It’s that time of year again – back to homeschool! And that means back to school traditions!
Homeschoolers use their educational freedom to teach their kids in a style and on a schedule that suits their family. That means that some homeschool all year ‘round, others started weeks ago, and some have not yet begun.
It’s the same here at True North Homeschool Academy -some of our online classes have started while others, including our homeschool clubs, will begin later on in September.
We have found that even though we are not returning to a “school building,” home educators have their own back to school traditions. There is excitement in the air as many of us are beginning a new homeschool year, meeting new students and friends, sharpening those Ticonderogas, and cracking open our shiny, new curriculum.
Some families have simple traditions such as purchasing new p.j.’s, kicking off the year with a field trip, or participating in the online National Homeschool Spirit Week, which is the 4th week of September every year.
We asked some of the Academy teachers to share their favorite “Back to Homeschool” traditions and words of advice as we roll into a fresh (and maybe a little challenging) homeschool year.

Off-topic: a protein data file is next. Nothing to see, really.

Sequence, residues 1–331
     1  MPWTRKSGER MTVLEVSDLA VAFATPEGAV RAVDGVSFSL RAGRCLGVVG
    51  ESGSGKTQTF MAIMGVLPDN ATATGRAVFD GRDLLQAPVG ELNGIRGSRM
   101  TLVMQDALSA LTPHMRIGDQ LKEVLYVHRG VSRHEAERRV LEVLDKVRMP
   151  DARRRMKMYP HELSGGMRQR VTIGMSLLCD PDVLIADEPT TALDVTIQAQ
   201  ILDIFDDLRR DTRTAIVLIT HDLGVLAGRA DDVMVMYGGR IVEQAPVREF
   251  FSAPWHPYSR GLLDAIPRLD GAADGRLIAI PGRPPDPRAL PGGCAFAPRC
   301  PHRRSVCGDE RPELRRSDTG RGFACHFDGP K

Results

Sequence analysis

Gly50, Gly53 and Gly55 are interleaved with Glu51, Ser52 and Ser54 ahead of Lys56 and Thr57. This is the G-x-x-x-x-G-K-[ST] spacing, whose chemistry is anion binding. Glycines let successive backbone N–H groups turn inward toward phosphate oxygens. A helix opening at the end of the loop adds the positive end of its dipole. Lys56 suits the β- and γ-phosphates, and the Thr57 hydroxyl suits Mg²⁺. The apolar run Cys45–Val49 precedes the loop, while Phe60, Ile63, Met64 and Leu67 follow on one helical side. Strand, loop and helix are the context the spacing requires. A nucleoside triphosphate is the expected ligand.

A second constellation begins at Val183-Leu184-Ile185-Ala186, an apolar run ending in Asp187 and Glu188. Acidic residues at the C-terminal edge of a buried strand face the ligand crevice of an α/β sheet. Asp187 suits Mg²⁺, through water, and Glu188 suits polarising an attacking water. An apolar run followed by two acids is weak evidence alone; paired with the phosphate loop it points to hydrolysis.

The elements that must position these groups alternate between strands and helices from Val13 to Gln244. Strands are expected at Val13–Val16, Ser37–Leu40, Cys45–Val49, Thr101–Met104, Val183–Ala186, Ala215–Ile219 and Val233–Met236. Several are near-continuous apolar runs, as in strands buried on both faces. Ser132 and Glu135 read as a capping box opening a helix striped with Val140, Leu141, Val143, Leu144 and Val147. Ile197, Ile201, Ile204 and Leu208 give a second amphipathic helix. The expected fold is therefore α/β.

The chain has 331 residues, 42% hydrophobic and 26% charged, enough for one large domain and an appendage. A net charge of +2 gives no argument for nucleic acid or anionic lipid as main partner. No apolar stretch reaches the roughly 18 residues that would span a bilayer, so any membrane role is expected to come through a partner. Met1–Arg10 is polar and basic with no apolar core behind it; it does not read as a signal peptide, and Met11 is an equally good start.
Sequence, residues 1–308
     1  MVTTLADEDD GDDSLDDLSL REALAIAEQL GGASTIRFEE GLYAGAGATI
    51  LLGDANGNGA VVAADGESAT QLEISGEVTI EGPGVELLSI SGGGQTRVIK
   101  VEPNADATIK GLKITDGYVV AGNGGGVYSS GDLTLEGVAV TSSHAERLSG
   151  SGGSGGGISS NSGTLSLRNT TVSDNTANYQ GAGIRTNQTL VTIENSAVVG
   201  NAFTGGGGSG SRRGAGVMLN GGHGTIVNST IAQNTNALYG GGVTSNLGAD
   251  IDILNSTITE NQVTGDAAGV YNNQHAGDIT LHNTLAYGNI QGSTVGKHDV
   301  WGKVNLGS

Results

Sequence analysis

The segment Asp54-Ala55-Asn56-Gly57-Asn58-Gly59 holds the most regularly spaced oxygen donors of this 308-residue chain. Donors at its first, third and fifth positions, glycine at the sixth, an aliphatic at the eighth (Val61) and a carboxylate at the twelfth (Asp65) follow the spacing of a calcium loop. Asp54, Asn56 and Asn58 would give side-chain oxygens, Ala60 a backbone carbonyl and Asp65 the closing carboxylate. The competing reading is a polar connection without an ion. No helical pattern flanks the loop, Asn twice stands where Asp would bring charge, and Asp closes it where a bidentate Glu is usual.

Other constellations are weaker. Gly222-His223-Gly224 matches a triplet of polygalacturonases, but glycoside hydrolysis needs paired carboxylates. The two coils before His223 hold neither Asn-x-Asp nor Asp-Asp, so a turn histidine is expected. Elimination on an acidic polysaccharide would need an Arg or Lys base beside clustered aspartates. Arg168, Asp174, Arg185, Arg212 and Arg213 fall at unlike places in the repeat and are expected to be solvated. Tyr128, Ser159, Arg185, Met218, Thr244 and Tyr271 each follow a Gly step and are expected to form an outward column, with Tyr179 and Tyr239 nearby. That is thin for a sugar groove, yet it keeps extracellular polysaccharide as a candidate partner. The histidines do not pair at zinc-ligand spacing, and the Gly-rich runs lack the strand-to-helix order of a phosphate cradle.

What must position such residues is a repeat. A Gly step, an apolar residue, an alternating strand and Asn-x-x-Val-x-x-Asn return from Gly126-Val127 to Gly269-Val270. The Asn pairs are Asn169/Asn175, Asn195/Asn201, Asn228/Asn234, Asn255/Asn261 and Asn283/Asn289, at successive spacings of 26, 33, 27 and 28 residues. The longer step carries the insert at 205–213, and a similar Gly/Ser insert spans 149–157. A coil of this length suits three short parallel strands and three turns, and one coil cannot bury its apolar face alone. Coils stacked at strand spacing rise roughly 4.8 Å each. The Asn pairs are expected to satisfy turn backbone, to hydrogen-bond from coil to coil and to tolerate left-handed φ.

Traditions We Love
Dana Hanley is our German teacher and her first day of school tradition involves making Schultueten and filling them with candies and small school supplies. It is a German thing, but over there, the class party is on the first day of class, not the last day of class. Dana says: “ I really like that general attitude. Last year, we did a brand new outfit for each kid, too, because I randomly thought how much I loved getting new school clothes when I was a kid. All of my kids are asking to repeat that one!”
Pets are welcome too in the Pool homeschool room!
Tamara Warner Pool shared with us some words of wisdom and a peaceful way to begin the homeschool year. “My children needed a consistent rhythm and flow to their days, so we would gently enter our new school year and gently exit it for our break times. We don’t have “First Day” photos, and we didn’t have “Last Day” parties, but we did celebrate small accomplishments and goals achieved when any of them crossed a “finish line.” If we were involved in a coop or activity, we would build up to that so everyone was prepared for whatever disruption that would bring to our routines.”